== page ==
The Thirteenth TaleThe Thirteenth Tale by Diane Setterfield

I don't know if this is chilling so much as it has a real sense of atmosphere that, I feel, makes it best read at this time of year. This is a novel about secrets and the damage that they do. And about time and how it always catches up with you in the end. Biographer Margaret Lee leads an unassuming life with her antiquarian bookseller father until a letter lands on her doorstep inviting her to write the life of one of Britain's most prolific and well-loved storytellers. Vida Winter has told her life story many times but it has never been the real one. She has twisted her tale as much as she twists her novels, folding fiction into reality and creating a myth of her own existence. Now she is dying and she wants to tell the truth. A truth that includes two sisters, a fire-ravaged country mansion and a secret that has lasted generations. 

I have a real love for nineteenth century Gothic novels and this is a modern-day tribute to them, with echoes of 'Jane Eyre', 'The Turn of the Screw' and 'Wuthering Heights'. It revels in creating an oppressive atmosphere, weaving a tangled web of inter-connected stories with characters capable of both great love and great evil. Vida Winter is the spider sitting at the heart of this web, seducing and manipulating both Margaret and the reader with her words and her tales. By the time I finished this book, I desperately wanted to go and read a Vida Winter novel, she was so convincing as a character. Add in enough skeletons to fill a whole raft of cupboards, and you've got a book to curl up by the fireside with when you want a little magic in your life again. 

So those are a few of my favourite chilling Autumn reads that I would recommend as the nights draw in. There are other Gothic favourites I haven't had chance to mention here - classics of the genre such as Wilkie Collins' 'The Woman in White' - and fantastic short stories such as those by M R James and Edgar Allen Poe. All worth checking out - as are "Jane Eyre" and "Dracula" if you've never read them. For anyone wanting to mix a bit of humour with their horror, 'Pride and Prejudice and Zombies' also comes highly recommended. And, when you've finished indulging in all that Gothic melodrama, I thoroughly recommend Jane Austen's classic pastiche of the genre, 'Northanger Abbey', as a reminder that it's usually the machinations of living you need to watch out for, rather than those of the dead.

And on that note, dear readers, I shall leave you. Don't have nightmares and, until next time....

Happy Reading!


Monday, 12 October 2015

September Wrap Up

Before anyone says anything, I am aware that we are 12 days into October when I write this wrap up. All I can say by way of apology is that, following on from 10 blissful days of holiday, the return to the world of work and home has been...well, let's just say rather busy and leave it at that shall we. Needless to say, I didn't get too many books read when I got back from hols but I did read a couple before I went that weren't included in my last wrap up and finished one on my return. So without further ado, we begin with...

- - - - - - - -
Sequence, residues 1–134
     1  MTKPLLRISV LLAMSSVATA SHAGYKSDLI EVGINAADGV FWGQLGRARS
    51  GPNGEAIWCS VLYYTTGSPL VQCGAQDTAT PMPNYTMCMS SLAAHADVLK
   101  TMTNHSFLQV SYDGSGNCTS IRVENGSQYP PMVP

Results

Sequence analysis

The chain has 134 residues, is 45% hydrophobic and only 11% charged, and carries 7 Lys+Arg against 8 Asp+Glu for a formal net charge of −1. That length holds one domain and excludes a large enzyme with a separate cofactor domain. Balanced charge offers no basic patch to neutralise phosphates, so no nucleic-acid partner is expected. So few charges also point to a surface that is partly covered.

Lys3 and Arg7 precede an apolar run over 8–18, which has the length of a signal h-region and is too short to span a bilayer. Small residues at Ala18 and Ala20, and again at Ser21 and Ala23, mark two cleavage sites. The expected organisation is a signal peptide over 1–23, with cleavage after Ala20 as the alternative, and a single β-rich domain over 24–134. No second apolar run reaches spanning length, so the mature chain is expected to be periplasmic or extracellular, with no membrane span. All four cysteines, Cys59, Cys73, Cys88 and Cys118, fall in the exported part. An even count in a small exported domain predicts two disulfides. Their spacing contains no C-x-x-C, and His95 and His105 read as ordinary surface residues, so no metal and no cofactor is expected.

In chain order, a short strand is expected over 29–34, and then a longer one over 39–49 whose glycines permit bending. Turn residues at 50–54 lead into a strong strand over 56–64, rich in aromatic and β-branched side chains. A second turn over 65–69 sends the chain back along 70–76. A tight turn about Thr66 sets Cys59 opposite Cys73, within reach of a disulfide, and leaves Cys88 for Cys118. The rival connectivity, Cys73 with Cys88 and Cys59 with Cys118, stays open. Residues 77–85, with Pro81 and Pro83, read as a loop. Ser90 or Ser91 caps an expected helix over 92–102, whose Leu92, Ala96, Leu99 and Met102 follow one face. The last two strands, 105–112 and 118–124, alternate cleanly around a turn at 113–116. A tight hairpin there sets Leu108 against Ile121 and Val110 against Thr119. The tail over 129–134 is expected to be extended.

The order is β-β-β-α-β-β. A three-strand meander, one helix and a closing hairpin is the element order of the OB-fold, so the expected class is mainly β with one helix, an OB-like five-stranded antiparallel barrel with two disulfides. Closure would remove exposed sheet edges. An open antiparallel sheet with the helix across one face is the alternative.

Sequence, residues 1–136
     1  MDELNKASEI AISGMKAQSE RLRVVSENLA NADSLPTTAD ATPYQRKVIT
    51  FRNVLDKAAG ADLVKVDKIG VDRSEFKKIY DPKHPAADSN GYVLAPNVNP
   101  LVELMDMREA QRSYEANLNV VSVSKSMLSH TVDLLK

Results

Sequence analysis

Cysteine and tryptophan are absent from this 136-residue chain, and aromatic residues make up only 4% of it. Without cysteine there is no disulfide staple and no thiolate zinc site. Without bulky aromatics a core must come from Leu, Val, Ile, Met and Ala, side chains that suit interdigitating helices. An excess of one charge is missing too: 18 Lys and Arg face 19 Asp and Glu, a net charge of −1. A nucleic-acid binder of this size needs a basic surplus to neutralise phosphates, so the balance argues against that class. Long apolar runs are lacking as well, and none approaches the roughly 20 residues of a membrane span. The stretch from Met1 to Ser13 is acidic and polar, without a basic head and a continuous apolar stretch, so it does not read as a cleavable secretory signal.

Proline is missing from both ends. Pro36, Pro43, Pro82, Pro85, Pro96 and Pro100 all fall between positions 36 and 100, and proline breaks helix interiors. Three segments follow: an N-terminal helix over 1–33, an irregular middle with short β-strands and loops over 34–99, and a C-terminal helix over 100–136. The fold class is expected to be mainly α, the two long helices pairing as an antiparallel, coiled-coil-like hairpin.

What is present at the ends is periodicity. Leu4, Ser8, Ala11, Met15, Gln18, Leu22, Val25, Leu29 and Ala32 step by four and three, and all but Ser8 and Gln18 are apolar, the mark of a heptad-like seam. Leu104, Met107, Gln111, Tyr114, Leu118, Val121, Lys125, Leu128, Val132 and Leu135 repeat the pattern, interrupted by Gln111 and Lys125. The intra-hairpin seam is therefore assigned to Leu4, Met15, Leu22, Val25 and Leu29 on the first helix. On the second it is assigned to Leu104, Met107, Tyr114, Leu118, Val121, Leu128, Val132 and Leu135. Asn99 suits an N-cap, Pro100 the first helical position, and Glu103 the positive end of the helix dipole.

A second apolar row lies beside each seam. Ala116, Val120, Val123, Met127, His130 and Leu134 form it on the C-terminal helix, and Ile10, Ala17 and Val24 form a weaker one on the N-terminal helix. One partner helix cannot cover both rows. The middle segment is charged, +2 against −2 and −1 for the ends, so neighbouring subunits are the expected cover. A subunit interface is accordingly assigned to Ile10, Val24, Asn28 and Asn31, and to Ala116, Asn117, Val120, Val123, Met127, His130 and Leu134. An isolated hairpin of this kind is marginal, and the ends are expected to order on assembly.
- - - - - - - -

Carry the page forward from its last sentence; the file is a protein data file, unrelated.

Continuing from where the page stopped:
Arsenic for Tea (Wells and Wong, #2)Arsenic For Tea by Robyn Stevens

The second in the 'Wells and Wong' YA mystery series (the first being 'Murder Most Unladylike', which I reviewed here) is another enjoyable romp into the 1930s, this time taking place in the classic country house setting of Fallingford Hall, Daisy Wells' home. Unfortunately for schoolgirl detective Daisy and her best friend Hazel Wong, murder seems to have a habit of following them around and it isn't long before they are embroiled in another mystery when one of their tea guests takes an unexpected turn for the worst. And, to make matters more complicated, it looks as if a member of Daisy's family might be one of the perpetrators...

Like the first book in the series, this was another fast-paced and fun read, although with some slightly darker undertones and a little more character development this time around. For those who have read 'Murder Most Unladylike', this is more of the same - definitely no bad thing when a series is this much fun. Whilst 'Arsenic For Tea' does a good job of introducing unfamiliar readers to the characters, I'd still recommend starting with 'Murder Most Unladylike' if you can - you'll have a better feel for the background and setting and enjoy this one more. A third in the series, 'First Class Murder', is on my too read pile and I hope there will be more to follow from this dynamic duo.

The Dumb HouseThe Dumb House by John Burnside

There has been a great deal of talk about this novel on Booktube of late, with two of my favourite booktubers - Jen Campbell and Jean from Jean's Bookish Thoughts - raving about it. The premise is certainly intriguing - as a young boy Luke becomes obsessed with the story of the dumb house, an isolated mansion where babies are raised only by mute servants in an effort to discover whether language is innate. Determined to try and recreate the experiment himself, he becomes entwined with a strange woman and her mute son before taking in a young homeless girl, setting of a chain of events that eventually leads to murder, death and madness.